25 September – 9 October

JIŘÍ MENZEL: MAKING COMEDIES IS NO FUN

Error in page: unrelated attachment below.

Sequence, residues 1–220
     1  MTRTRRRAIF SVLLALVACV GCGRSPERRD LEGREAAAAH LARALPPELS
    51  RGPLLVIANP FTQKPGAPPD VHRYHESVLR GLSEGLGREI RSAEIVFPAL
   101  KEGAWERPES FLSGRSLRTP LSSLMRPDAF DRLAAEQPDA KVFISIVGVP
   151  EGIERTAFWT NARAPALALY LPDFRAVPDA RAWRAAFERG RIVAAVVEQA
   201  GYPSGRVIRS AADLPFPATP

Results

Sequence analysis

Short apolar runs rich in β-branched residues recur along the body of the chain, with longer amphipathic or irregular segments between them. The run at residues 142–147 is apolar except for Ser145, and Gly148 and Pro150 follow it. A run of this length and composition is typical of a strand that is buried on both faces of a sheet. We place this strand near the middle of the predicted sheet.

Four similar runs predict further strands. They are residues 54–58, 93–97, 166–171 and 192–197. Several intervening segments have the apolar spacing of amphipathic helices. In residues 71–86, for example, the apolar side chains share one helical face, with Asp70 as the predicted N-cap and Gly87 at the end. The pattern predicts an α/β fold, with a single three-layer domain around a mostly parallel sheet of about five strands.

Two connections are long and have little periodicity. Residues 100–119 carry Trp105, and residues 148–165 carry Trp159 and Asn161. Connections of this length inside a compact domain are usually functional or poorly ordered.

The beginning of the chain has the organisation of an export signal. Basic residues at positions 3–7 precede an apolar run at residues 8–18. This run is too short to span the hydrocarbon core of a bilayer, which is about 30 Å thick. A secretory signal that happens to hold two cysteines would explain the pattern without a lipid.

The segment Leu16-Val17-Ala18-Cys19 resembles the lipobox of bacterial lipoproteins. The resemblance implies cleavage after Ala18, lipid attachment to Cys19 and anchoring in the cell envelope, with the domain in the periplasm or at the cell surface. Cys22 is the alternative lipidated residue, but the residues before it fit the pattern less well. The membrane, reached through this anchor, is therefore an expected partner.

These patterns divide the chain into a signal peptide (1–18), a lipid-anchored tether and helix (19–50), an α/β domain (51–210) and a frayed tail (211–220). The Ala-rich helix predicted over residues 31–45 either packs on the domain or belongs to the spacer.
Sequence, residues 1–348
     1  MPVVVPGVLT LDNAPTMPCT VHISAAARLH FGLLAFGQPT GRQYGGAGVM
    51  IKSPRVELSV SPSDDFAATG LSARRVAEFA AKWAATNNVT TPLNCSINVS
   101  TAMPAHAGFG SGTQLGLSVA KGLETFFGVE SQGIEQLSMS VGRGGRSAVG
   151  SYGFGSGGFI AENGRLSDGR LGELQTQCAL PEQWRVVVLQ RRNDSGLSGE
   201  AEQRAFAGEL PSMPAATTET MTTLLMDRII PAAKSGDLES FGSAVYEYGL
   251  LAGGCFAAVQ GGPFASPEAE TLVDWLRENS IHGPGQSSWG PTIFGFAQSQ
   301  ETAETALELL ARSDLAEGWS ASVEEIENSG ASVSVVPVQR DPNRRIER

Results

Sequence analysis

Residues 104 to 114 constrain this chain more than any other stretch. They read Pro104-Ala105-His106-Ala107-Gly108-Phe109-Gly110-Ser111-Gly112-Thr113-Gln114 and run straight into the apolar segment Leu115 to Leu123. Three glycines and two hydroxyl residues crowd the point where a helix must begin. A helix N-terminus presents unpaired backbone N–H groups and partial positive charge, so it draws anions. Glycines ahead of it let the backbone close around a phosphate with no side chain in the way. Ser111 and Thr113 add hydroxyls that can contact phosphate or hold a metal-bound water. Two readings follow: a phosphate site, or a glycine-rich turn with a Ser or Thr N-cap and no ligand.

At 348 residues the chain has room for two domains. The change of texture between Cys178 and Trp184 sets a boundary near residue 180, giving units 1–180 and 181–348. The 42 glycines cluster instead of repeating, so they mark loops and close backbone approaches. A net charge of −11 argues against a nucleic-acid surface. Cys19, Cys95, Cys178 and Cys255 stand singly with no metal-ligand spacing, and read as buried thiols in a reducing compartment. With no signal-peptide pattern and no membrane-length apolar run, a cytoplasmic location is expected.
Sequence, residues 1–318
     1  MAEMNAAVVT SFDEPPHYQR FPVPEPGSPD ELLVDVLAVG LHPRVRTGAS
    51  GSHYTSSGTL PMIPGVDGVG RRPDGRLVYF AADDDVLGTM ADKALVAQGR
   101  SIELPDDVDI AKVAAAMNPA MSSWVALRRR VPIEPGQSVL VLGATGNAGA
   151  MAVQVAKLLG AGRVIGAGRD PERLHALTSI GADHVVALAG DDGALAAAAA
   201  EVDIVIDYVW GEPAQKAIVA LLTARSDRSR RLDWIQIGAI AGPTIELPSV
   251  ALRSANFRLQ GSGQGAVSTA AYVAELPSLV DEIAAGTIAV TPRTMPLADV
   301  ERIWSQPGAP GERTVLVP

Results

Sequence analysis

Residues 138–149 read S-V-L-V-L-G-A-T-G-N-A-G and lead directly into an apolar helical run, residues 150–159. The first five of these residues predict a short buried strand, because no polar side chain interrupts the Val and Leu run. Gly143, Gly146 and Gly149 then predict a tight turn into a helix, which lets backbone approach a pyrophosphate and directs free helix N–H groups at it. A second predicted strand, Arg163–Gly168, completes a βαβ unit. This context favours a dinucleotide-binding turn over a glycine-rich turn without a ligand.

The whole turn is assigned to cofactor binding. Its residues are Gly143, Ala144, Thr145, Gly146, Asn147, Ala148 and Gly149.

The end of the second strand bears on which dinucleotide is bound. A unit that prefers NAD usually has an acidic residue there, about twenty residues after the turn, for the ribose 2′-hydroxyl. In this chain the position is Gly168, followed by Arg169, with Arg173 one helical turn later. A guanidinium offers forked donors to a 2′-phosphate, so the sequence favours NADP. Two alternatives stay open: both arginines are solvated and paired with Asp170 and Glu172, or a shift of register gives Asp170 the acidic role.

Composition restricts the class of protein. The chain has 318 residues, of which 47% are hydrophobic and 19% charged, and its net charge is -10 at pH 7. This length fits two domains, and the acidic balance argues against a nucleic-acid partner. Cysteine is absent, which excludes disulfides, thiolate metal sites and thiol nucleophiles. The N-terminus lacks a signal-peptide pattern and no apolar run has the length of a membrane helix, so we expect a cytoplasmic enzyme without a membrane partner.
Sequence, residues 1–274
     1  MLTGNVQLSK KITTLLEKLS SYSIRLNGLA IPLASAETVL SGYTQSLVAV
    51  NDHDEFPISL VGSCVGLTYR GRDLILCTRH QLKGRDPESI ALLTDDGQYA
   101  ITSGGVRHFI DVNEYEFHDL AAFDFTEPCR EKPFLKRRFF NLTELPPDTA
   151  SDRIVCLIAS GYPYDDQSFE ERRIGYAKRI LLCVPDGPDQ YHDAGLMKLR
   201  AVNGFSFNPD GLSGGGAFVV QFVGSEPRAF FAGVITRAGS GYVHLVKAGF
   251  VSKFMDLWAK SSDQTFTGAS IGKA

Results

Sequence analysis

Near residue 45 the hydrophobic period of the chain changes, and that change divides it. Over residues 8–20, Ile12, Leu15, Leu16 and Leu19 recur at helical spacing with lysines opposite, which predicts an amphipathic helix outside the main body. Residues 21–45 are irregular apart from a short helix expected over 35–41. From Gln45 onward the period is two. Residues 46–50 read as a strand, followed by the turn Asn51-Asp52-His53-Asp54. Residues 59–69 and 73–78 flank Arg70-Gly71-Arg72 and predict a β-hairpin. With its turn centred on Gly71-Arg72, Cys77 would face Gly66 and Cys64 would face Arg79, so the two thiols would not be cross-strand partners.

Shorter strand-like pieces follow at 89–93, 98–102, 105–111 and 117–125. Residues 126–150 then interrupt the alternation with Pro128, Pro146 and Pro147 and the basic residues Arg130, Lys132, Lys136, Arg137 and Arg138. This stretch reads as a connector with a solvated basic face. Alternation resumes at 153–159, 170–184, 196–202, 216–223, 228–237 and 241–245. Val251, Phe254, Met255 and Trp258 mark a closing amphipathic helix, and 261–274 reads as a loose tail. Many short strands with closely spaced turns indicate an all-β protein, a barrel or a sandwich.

Of all of the storied “New Wave” filmmakers who graduated from Prague’s FAMU film school in the 1960s, Jiří Menzel (1938–2020) was the first to gain significant international renown – his tirelessly charming debut feature, Closely Observed Trains (1966), won the Best Foreign Language Film Academy Award in 1968 – and the filmmaker whose career probably suffered least during the grim “Normalisation” years between the 1968 Soviet invasion and the lead-up to the Velvet Revolution in 1989. Not to say he didn’t encounter interference – notably, his fourth feature, Larks on a String, completed in 1969, didn’t emerge until 1990 when it won the Golden Bear at the Berlin International Film Festival. An understated performer onscreen in his own films and those of others, Menzel remains best known as a writer-director of gently paced comedies steeped in pathos, and as the foremost adapter for the screen of works by key post-war Czech writer Bohumil Hrabal; accordingly, this season features three of Menzel’s six adaptations of Hrabal’s distinctively loquacious, often ribald novels: Closely Observed Trains, Larks on a String and I Served the King of England (2006). Menzel was wont to adapt other Czech literary greats too, including Josef Škvorecký and Menzel’s one-time landlord, Václav Havel; while this season includes the wistful Capricious Summer (1968), adapted from a novel by Vladislav Vančura. Rounding out the season is a delightful outlier in Menzel’s oeuvre, his 1978 tribute to the Czech filmmaking pioneers, Those Wonderful Movie Cranks and Robert Kolinsky’s excellent 2016 documentary, Jiří Menzel – To Make a Comedy Is No Fun.